A church bulletin from nearly a quarter-century ago included an article about drawing circular “lines” around those with whom one agrees. We might call these “lines of fellowship” (in a popular but slanted use of the word “fellowship”). I found the piece in a file. Here it is:
You don’t even have to take time to read the whole thing to get the point. The circle-lines show who was out and who was in. It’s no accident, of course, that the circles get smaller. The layout helps to make the point clear, eventually coming to the point of including only the one person who was drawing the lines.
Some exclusionary lines may on occasion be necessary, but I figure we should at least draw them faintly and humbly, and it’s probably better not to draw many lines at all. The question of who’s in and who’s out is better left to God.
When considering the narratives of the gospels and Acts, I have in recent years been thinking about the line of demarcation between Jew and Christian. It may seem easier to consider Jews as outside the Christian “circle” from the beginning, but I’m not sure that that line-drawing is any more helpful than the kind depicted above. I found interesting that Ben Witherington, a well-respected commentator now in his prime, had written this:
That Apollos is identified as a Jew by Luke has fueled the speculation that he is not here presented as a Christian, which is unlikely in light of what else Luke says. The term “Jew” here then would primarily be an ethnic, not a religious term.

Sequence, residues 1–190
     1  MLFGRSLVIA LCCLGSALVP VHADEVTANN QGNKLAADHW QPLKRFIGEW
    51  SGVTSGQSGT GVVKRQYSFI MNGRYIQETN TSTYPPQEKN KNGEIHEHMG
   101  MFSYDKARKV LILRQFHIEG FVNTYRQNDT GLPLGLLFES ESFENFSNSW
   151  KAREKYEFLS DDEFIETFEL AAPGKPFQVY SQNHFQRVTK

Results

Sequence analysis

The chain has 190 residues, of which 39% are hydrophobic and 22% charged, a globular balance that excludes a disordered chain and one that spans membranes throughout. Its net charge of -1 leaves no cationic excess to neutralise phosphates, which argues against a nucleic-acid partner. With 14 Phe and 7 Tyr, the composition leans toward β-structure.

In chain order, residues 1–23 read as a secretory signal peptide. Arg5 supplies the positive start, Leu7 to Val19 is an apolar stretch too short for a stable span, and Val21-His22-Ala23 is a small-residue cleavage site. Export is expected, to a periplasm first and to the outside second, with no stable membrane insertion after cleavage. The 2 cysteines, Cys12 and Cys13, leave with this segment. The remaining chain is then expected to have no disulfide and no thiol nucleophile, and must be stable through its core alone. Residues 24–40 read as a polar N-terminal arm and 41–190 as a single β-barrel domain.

I try to keep from facile assumptions about immersion qua Christian initiation, but I am still curious as I encounter Witherington’s phrasing “ … he may have become a Christian on an occasion when he was visiting other Alexandrian Jews in Jerusalem at the synagogue of the freedmen (Acts 6:9).” If not immersion, which is apparently not the case with Apollos, what would mark “becoming a Christian”? Public profession of some sort, one might suppose. . . .
No hard-and-fast lines or immutable patterns may be derived from Acts 18 for determining who’s inside a circle. Whatever the historical case in Alexandria for Apollos,
- the text says he had not been immersed but did “have” the “Holy Spirit” (whatever that means)
- the text doesn’t see fit to note that Priscilla and Aquila immersed him
I am better off not sharpening my pencil to draw lines of demarcation between not-Christian, almost-Christian, maybe-once-Christian, and/or actually Christian. It could very well serve God’s purposes better to see the scenario as more fluid, less rigidly bound. What could have happened if Priscilla and Aquila had simply excluded Apollos as a “non-Christian because of X” makes me very uncomfortable.
It’s not as though I think everyone’s in; it’s just not up to me to draw the lines.